Then, I tell them about the inspiring poem by Bruce Barton - ‘Two Seas’…

River Jordon flows down in two different directions… On the one side, it joins the Sea of Galilee. The sea of Galilees a generous sea… It doesn’t keep the water it receives from the river Jordon… Every drop of water it receives, it gives… So, it constantly flows… Thus, there is life around it, a great buzz… There are fishes in its water and there are birds up in the sky… Boatmen go about singing and businessmen go about doing business… There are townships and people there are prosperous…

On the other side, the river Jordon joins another sea… This sea is stingy and insecure… It jealously guards the water it receives. Every drop of water it receives, it hoards with fear…. So, there is no movement there… Water is still, no fishes live in it… The air above is thick, no birds fly over there… There are no boatmen, no songs heard… Nobody does business around it… Nobody lives… This sea is called ‘The Dead Sea’!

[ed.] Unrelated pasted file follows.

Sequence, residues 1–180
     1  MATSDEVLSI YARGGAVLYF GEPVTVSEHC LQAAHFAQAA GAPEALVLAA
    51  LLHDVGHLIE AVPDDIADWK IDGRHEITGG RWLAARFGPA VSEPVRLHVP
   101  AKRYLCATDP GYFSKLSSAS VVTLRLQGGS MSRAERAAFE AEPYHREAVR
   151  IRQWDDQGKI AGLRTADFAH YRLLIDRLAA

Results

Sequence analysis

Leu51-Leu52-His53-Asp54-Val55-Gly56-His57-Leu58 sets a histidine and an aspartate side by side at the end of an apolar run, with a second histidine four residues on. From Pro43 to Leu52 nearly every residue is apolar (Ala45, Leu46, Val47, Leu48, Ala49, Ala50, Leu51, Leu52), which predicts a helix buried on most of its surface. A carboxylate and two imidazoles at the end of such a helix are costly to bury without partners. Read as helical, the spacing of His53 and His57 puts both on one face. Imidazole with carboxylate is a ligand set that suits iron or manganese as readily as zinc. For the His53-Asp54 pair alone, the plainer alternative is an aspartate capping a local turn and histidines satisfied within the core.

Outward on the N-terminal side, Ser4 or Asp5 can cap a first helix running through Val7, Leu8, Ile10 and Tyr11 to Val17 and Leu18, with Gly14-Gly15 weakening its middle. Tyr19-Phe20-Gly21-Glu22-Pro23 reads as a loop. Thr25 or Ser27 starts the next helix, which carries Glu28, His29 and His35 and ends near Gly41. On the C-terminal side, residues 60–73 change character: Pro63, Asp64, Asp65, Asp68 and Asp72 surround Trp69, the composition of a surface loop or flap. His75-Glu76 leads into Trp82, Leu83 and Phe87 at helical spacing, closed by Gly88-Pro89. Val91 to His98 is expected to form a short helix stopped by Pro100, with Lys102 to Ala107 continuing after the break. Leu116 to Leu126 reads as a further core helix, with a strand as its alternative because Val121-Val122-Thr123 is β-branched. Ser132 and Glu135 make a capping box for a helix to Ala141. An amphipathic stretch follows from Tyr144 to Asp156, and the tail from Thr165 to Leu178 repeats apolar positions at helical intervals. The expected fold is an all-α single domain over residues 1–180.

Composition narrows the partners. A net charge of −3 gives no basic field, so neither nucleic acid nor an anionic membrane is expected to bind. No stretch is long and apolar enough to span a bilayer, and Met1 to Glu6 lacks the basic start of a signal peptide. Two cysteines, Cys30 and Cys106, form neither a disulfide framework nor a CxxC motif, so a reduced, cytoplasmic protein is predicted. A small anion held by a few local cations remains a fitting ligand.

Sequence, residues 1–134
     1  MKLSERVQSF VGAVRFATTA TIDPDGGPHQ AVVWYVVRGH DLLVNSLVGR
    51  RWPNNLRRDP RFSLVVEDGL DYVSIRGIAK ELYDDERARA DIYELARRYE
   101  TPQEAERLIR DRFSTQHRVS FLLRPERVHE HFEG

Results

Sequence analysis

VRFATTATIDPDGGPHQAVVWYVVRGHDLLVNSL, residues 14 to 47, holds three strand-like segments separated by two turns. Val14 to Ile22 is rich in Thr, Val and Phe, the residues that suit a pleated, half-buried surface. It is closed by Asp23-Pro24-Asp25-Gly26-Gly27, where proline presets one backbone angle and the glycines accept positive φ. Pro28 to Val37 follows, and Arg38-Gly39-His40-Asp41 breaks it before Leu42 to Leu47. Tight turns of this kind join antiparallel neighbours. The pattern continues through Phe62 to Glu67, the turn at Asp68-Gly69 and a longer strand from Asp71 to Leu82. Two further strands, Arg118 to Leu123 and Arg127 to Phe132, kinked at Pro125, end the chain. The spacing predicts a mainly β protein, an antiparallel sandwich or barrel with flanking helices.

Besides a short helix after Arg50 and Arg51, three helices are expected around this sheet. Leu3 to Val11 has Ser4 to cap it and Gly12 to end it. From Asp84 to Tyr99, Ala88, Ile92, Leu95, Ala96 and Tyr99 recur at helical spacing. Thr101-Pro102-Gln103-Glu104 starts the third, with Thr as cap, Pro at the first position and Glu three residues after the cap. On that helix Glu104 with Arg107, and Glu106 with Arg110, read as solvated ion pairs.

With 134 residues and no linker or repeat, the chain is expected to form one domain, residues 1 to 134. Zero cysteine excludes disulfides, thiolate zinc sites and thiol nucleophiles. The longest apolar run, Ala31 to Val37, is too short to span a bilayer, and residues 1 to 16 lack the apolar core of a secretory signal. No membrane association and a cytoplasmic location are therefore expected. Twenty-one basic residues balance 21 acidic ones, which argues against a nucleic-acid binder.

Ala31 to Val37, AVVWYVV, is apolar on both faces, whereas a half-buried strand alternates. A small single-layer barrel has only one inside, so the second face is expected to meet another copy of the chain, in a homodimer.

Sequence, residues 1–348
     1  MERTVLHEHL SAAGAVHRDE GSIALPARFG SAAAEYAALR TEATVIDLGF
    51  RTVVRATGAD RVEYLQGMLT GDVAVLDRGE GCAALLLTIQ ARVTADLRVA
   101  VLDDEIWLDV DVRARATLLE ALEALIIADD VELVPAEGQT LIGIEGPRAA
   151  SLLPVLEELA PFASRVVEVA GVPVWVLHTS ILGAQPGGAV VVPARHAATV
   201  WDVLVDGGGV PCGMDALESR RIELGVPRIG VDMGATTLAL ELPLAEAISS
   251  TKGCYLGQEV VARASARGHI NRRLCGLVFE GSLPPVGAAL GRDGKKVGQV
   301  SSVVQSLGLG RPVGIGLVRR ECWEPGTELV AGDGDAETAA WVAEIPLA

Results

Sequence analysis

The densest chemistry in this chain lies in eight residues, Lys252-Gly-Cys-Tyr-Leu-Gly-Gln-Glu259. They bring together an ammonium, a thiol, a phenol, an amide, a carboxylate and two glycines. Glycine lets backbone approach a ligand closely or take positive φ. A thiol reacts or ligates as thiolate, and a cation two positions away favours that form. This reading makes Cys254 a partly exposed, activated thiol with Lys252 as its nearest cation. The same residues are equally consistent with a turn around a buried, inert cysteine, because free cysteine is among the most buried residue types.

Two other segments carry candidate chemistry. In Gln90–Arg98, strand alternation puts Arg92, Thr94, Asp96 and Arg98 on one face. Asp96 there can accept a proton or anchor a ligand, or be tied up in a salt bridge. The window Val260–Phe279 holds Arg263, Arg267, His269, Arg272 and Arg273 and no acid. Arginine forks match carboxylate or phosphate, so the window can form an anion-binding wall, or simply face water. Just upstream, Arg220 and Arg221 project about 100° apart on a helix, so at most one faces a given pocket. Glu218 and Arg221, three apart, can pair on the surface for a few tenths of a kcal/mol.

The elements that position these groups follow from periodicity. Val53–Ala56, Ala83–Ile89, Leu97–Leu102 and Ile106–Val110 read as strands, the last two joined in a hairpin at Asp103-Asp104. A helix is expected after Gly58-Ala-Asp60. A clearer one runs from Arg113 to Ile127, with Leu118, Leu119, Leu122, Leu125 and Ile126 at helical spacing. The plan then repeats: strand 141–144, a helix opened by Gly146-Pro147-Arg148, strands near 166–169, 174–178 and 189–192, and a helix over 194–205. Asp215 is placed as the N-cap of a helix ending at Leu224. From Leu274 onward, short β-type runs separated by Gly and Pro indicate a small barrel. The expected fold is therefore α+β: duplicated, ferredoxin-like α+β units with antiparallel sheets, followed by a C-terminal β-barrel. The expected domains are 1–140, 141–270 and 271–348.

What has made this difference? Not the river Jordon. She gives her water, in equal measure, to both the seas… One gives it away, generously and prospers… while the other hoards and stagnates…

The poem ends with these inspiring lines…
“There are two kinds of people in this world…
“There are two seas in Palestine.”

God gives all of us in equal measure... just as river Jordon does. The best way to feel empowered - strong and confident - in life is by giving to others what we receive from God… Yes, by contributing.

We cannot contribute and feel weak at the same time. Never!

GERLAD D’CUNHA